“Mobile is huge,” Dogeared’s Walkley says. “The customer is able to have the most seamless experience, no matter what device they are shopping from, or reading messages with.”
Smith says you also may want the templates to be versioned, so you can build for desktop and change it up for mobile. And as you’re building these emails, you also want to be able switch between those views and see how look on different devices. Based on how your subscribers view emails, you may need five or six different mobile templates.
“Even if you can accomplish that, the conversion rates on a mobile device are much lower,” Smith points out. “The conundrum is more shoppers are viewing their emails on mobile devices, but the conversion from mobile devices is a lot less than on a desktop.”
If that’s the case with your subscribers, you may want to use an ESP that allows you to track what time an email is opened on a smartphone. If someone opens and is not ready to react, and you can send it again later when they are home on a desktop.

Segmentation and Personalization

Personalization should go beyond “Dear, John,” but not be too creepy, Smith says. It is important to be able to integrate data such as past purchase history and browsing history so you can create more targeted, personalized campaigns. And if you can include offline customer data to match your online data, you can build the perfect predictive piece.
Smith says that while working for an ESP, he had a bicycle retailer client that made both mountain and street bikes. It knew it had customers who were mountain bikers who were thinking about transitioning into road biking. The ESP could get information about the customer from browsing behavior, or from what the customer was doing in the store. But that’s the big divide.
You can match personas online and offline, but the predictive piece is still dependant on the offline information, which is traditionally used to optimize websites, Smith says.
“If you know someone is a great mountain bike person and they’re surfing for street bikes 20 hours a week, and they aren’t buying mountain bike stuff or looking for mountain bike stuff, maybe serve him an email with a totally different offer based on that behavior, even if he hasn’t made a purchase in the past,” Smith says. “That technology is out there, but sometimes it’s hard to get something as fundamental as RFM or purchase affinity from that browsing behavior when it comes to a campaign like email.”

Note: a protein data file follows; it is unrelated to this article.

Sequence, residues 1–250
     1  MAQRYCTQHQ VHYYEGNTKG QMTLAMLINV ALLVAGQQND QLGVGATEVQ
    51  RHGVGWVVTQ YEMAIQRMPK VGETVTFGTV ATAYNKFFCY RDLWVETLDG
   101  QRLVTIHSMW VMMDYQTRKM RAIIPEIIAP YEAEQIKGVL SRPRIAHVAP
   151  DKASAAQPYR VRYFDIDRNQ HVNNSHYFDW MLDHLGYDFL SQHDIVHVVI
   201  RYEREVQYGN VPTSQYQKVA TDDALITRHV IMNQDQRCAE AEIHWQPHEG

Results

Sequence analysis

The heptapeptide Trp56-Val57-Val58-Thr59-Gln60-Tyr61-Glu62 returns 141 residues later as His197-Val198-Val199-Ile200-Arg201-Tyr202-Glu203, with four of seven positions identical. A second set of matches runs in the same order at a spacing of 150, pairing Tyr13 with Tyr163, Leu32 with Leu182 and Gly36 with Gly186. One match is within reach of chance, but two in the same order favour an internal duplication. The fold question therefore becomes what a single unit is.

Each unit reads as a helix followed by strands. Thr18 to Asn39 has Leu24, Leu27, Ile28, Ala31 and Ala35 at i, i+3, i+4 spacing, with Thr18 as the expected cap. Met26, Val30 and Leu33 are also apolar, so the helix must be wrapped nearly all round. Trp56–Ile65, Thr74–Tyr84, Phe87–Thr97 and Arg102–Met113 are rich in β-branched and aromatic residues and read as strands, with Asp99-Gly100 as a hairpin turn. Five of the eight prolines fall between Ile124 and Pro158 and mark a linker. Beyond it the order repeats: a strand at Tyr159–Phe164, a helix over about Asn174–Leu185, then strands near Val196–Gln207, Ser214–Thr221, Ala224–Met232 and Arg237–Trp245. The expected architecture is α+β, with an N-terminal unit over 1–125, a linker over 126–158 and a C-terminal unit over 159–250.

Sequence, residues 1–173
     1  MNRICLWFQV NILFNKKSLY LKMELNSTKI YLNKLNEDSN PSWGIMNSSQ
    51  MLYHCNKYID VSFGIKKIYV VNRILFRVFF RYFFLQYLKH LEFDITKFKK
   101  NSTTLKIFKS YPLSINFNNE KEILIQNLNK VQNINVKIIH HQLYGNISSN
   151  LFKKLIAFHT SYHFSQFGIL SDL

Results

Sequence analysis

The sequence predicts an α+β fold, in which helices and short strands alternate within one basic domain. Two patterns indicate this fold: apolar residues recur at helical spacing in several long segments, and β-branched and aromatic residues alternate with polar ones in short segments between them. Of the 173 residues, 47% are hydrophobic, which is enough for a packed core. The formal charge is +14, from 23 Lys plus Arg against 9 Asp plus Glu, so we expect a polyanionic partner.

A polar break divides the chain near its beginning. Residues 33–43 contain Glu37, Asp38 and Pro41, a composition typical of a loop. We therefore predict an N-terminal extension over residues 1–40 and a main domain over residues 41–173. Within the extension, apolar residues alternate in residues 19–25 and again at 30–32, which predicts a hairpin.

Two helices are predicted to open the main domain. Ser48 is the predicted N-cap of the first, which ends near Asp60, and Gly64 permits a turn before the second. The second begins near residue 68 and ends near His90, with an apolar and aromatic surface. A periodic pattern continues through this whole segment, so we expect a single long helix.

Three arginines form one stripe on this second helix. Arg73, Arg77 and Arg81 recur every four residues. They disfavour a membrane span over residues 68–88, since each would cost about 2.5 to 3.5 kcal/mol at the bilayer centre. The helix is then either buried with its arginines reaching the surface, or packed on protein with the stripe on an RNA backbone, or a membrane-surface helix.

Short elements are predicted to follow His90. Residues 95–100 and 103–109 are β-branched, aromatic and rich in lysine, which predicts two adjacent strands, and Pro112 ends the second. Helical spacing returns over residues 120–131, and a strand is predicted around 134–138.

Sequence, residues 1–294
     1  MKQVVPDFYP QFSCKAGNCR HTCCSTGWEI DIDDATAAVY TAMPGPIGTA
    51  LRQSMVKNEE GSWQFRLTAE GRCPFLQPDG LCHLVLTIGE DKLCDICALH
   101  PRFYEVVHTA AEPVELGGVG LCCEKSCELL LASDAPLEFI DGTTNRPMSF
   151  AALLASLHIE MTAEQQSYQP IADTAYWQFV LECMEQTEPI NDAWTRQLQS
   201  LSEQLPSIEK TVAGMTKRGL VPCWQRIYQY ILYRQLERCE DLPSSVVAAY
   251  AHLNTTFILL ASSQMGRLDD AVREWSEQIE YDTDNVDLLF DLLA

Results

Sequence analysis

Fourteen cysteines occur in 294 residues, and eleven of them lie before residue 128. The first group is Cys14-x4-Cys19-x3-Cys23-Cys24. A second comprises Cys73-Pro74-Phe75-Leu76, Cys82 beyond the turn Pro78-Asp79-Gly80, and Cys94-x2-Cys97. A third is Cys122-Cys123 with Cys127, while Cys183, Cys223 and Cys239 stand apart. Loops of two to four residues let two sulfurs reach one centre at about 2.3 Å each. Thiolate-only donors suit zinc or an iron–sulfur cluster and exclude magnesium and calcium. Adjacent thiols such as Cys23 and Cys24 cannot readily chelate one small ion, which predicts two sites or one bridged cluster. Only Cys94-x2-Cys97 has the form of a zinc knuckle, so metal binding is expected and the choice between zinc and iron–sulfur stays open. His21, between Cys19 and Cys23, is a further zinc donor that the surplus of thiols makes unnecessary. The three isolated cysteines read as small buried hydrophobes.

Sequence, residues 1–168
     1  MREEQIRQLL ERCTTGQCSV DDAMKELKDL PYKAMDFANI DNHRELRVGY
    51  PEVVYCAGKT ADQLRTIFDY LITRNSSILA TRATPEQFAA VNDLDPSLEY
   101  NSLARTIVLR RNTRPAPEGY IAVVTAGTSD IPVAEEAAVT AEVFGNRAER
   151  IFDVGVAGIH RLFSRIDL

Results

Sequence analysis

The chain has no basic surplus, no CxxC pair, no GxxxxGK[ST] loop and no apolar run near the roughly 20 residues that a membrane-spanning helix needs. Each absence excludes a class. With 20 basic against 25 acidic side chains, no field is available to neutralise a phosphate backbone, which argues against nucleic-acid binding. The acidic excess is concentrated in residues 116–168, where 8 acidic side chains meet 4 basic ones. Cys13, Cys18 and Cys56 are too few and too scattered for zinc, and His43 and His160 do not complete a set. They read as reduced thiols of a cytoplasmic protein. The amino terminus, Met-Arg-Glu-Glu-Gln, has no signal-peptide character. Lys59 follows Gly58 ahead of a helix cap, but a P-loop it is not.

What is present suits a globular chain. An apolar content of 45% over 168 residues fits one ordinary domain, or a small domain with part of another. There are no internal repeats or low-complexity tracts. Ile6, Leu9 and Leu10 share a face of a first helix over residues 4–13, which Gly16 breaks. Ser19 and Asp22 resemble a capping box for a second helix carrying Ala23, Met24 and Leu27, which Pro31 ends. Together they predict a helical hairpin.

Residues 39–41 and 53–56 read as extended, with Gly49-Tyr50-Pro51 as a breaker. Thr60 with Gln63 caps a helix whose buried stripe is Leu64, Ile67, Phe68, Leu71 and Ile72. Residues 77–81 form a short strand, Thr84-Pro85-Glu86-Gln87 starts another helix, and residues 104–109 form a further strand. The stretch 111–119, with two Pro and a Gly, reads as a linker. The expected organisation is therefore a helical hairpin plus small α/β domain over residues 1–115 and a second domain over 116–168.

Walkley says Dogeared wanted advanced retail segmentation from its ESP, to help the merchant know exactly who its customer is. Data is collected plug and play, which makes the process much simpler from an implementation standpoint. Walkley says Dogeared is not doing a lot of customization with it, but wanted an ESP with the ability to help it grow its segmenting when the time is right.


Triggers can get pretty sophisticated, depending on what you’re planning to do, Smith says. But you want triggers to be a part of your ESP’s campaign builder workflow.
You may want to start the new subscriber journey by triggering a welcome email, and if a purchase is made, sending a purchase acknowledgment email and thank-you email. Or, if you send an email and there is no reaction from the customer, you may want to be able to trigger a reminder email.
Nonemacher says she cannot wait to grow Rodale’s automated campaigns in 2015. Since the brand launched, Rodale’s has had successful welcome campaigns and abandon cart campaigns.
“We’re taking it a step further now by adding post-purchase campaigns, a winback campaign for customers we’ve lost touch with, or who haven’t been engaged with us recently, a browse-and-abandon campaign, and an automated email series that provides personalized, recommended products based on customer search behavior and buying patterns,” Nonemacher says. “We know that personalization can increase customer engagement by as much as 22%, so we’re going to focus a lot of energy in this area.“
Smith says he once worked with a retailer that sold bulbs and gardening equipment, and it sent triggered emails based on zones and what to plant at what time of the year. But if Mother Nature brought a freak snowstorm to the Northeast, and no one was planting, it would be able to change scheduled messages up based on inventory timetables.
So if the early planting season was thwarted by a blizzard, the retailer could instead send an email about an end-of-season snow blower sale to customers in that area. Or if snow blowers were not available in a certain zip code, it could change the message to talk about snow shovels.